Spotlight on Charities

Published on 12th March 2019

Although charity law varies across the UK, charity governance is very much in the spotlight.

A recent report by the Charity Commission for England and Wales (CCEW) suggested  that nearly 40% of small charities were submitting inaccurate financial information.

Small charities, defined as those with annual  income below £25,000, make up two thirds of the CCEW register. The CCEW is concerned that small charities are not sufficiently   skilled when it comes to submitting an annual return.

Annual returns
Charities registered in England and Wales should be aware that returns must be submitted within ten months of the end of the financial year and charity trustees must keep the registered details up to date.

From November 2018, charities must check and update their details online before submitting their  annual return. Missing information will only be required the first time they sign in, or when updating their details. They will be able to choose which information to update.

Information required includes all current trustee names, contact details and details of the charity’s UK bank/building society accounts (these will not be available publicly).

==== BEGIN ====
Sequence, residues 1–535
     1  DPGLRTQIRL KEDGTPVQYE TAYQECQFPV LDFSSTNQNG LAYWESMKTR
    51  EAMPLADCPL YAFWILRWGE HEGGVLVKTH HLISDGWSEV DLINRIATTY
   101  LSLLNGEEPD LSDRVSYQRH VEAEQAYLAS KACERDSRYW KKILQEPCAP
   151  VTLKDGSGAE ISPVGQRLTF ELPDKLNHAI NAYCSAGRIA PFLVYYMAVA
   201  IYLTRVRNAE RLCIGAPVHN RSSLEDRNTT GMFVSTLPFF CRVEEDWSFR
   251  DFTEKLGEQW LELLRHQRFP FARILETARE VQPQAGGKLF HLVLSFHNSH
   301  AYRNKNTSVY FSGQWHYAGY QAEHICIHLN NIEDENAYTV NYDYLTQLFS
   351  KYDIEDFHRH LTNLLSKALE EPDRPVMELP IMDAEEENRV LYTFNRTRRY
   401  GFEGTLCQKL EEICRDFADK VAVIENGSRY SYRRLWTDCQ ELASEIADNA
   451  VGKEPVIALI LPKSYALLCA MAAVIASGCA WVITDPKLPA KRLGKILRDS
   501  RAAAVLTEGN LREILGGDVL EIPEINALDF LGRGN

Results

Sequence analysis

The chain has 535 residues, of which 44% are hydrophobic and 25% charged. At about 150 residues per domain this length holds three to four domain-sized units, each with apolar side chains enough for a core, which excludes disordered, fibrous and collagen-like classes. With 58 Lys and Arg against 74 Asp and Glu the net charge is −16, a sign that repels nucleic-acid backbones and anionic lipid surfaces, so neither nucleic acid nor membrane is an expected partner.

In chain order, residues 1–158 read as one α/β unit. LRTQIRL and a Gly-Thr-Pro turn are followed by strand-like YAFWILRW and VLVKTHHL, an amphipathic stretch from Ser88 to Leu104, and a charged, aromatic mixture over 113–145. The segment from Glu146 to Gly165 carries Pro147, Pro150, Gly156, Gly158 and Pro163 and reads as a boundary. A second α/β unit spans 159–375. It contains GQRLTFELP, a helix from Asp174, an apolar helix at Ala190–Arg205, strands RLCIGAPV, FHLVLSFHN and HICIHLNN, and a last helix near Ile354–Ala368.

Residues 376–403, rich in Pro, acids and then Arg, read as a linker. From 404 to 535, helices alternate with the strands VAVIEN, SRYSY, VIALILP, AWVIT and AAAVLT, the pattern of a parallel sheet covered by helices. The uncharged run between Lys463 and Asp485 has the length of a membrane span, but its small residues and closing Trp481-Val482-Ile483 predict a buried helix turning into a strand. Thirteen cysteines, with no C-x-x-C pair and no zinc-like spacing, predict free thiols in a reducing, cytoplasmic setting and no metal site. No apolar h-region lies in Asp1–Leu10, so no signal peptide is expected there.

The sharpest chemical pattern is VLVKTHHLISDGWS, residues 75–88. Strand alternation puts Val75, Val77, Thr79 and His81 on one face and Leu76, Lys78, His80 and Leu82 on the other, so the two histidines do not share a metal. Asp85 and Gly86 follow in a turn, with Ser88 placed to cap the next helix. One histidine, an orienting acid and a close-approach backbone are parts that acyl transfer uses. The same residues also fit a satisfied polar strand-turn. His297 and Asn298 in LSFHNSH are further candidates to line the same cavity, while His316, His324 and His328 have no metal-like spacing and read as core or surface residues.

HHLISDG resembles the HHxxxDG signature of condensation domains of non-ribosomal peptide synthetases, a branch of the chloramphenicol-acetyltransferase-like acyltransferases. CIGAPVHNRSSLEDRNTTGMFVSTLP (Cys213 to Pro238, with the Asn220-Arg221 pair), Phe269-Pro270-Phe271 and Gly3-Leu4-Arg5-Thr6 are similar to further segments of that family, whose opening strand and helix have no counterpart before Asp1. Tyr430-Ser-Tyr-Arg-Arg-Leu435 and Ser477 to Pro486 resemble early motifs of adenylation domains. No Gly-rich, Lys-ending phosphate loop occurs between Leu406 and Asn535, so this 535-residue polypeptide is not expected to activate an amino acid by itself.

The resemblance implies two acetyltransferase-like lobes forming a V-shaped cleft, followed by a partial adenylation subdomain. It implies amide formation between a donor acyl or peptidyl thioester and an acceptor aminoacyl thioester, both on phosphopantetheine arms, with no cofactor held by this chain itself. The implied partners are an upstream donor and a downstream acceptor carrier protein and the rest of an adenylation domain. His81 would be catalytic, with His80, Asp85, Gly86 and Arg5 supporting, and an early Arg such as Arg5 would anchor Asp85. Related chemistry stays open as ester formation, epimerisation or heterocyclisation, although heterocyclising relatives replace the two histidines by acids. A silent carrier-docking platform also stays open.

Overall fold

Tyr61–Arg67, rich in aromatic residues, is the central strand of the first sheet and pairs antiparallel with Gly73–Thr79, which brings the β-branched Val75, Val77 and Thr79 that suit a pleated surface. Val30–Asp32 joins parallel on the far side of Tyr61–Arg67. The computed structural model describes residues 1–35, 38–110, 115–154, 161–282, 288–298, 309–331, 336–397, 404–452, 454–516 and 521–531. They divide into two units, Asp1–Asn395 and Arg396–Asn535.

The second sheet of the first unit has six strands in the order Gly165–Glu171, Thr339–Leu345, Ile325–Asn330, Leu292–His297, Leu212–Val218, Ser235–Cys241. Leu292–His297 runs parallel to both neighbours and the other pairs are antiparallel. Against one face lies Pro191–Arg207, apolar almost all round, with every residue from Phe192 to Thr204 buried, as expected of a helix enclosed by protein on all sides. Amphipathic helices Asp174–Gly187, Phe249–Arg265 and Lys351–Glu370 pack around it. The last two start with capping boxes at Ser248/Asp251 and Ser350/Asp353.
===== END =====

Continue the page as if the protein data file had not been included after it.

From 1 April 2019, full legal names will be public and trustees will not be able to use a ‘public display’ name on the charity register. A dispensation can be applied for in
instances where personal safety is concerned.

New questions have been introduced to dispel public concerns, for example about high levels of pay in charities: or to highlight possible areas of risk, say in relation to money transfer overseas.

These include a breakdown of salaries across income bands and the amount of total employee benefits for the highest paid member of staff (this will not be published on the
public register). Further questions address use of professional fundraisers, receipt of grants and contracts from central government and local authorities, safeguarding children and adults at risk.

Details on overseas expenditure are also being expanded. If a charity has spent money outside England and Wales, it must explain if the transfer was by means other than the regulated banking system. Additional questions ask about whether controls exist to monitor overseas expenditure and whether the trustees are satisfied that risk management
policies and procedures are adequate for the charity’s operations. These are mandatory for returns from 2019 onwards, but optional for 2018.

Questions about income received from outside the UK are also introduced. These include which countries income was from; the value of income by country and the source and amount of such income. Some information will be optional for 2018, but mandatory thereafter.

These changes mean some additional work for charities and may require changes to financial systems to capture relevant detail.

Please do not hesitate to contact us on 01392 211 233 for further advice.